By giving a polite response, you show that a) you’re a professional who doesn’t take rejection personally, and b) you don’t hold grudges.

However, there will be times when you’ll feel that further effort is futile. An example is an editor who NEVER replied to you – even after sending several follow-up emails.

Here, you have two options. The first is to accept the fact that maybe said editor is really not going to warm up to you (at least for now). The second is to use another approach (maybe mention them on social media?).

This is where the delicate art of discernment comes into play. As the old saying goes “there’s a time for everything”. Understanding where the fine line is between submitting a pitch again vs. just letting it go is not easily learned. You can only find it out through experience.

As you write more and become acquainted with numerous editors, you’ll know how to read subtle signs (i.e., changes in language, different types of rejection, how your name is mentioned in online conversations, etc.) that should guide you in your decisions.

As a writer, you want to save valuable time and energy. Eventually, you’ll learn which doors to close, and which to keep open.

4. You can use rejection for inspiration

One of the best things about being a writer is that we use our skill as an outlet for our emotions.

That is why I usually write AFTER I get a rejection in my inbox.

After a brief pause (normally to stop myself from sending a sarcastic reply), I put on my headphones and blast some invigorating music. Then, focus on the blank paper or document in front of me, letting my fingers do the rest.

Most of what I write during this period is chaotic, but driven and uncensored. It needs plenty of editing afterwards.

This method is often referred to as a brain dump. Most writers are familiar with it from Stephen King’s book, On Writing. For those who have difficulty putting emotions on paper, the brain dump can be good practice.

No rules, no angles. Simply let the words flow from your heart or soul. Don’t worry, you’re free to come back to it later.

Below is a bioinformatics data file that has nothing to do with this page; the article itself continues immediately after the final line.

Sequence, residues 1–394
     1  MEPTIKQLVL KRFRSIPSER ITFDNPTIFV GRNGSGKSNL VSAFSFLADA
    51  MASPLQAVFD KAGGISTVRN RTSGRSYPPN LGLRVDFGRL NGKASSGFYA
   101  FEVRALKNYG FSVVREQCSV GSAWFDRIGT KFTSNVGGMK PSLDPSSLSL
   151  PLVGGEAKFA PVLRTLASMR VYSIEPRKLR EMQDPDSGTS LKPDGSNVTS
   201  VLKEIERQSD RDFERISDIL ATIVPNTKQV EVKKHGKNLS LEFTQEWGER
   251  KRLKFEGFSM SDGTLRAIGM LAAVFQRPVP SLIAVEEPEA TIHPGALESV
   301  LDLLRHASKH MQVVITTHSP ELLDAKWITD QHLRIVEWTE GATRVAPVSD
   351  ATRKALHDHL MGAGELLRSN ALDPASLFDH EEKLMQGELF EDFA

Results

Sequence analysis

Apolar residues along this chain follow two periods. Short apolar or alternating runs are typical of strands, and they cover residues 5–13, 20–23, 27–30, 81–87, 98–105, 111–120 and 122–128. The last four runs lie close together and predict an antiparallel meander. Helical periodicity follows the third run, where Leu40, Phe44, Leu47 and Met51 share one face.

I find that writing while I’m angry and frustrated helps me concentrate better. Plus, I feel a lot better afterwards!

Are you currently writing a novel? Do you have characters that experience a roller coaster of emotions? Try writing whenever you’re in the throes of a powerful sentiment (like anger or sadness). In fact, experts recommend writing in order to sort out negative feelings. If you’re not a talker, you can use your talents to fuel your works.

5. Continue learning and improving

I love editors who give me feedback.

On rare occasions, these lovely people point out the reasons why they rejected my work. It will sting me a bit, but I’m glad they took the time out of their busy schedules to teach me new things and help me hone my craft.

The tough ones are editors who don’t reply at ALL. In these cases, I am left to dissect work and guess what they disliked about it.

After a major rejection (especially for authors trying to get their manuscripts published), one of the best gifts you can give yourself is time. Whether it’s a week, a month, or a year, use this time to improve. Attend writing workshops, get beta readers, join a critique circle, hire a professional editor, etc. Do what works for you.

Personally, I like to read a lot of work by writers I admire. I also have a good friend, who does a bit of editing and critiquing whenever I need it.

Am I a writer?

I’m not sure.

But I do know that part of becoming a good writer involves the ability to gracefully accept criticism — even the ones we don’t agree with. The moment we are still able to put pen to paper despite multiple rejections is already a prize in itself.

Maybe the real triumph of every writer is not winning competitions or publishing manuscripts. Perhaps our true victory comes from stringing words together in the face of our inner monsters.

I never met my instructor again. In fact, I forgot his name over time. But I never forgot the look on his face, nor that feeling of confusion when he said I shouldn’t be a writer.

It doesn’t hurt anymore, and I can honestly laugh at the memory. Not for revenge’s sake: it’s because deep inside, I know I wouldn’t be where I am now had he not said those words.

If you’re still out there and you remember me – thank you.

About the Author Cris Antonio

Cris Antonio is a senior copywriter and the Chief Editor of Scoopfed.com. She’s currently focused on writing articles to help millennials find better career opportunities as they strive to make a difference. Aside from writing, Cris also enjoys painting, collecting toys, and reading German novels. Feel free to follow her adventures on Twitter @CrisWrites